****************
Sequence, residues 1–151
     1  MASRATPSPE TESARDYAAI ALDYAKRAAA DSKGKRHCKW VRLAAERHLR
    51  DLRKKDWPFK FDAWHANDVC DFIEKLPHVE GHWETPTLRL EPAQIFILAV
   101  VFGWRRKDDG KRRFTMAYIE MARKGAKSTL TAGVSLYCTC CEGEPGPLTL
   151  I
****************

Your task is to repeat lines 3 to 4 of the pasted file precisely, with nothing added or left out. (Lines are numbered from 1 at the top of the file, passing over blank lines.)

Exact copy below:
    51  DLRKKDWPFK FDAWHANDVC DFIEKLPHVE GHWETPTLRL EPAQIFILAV
   101  VFGWRRKDDG KRRFTMAYIE MARKGAKSTL TAGVSLYCTC CEGEPGPLTL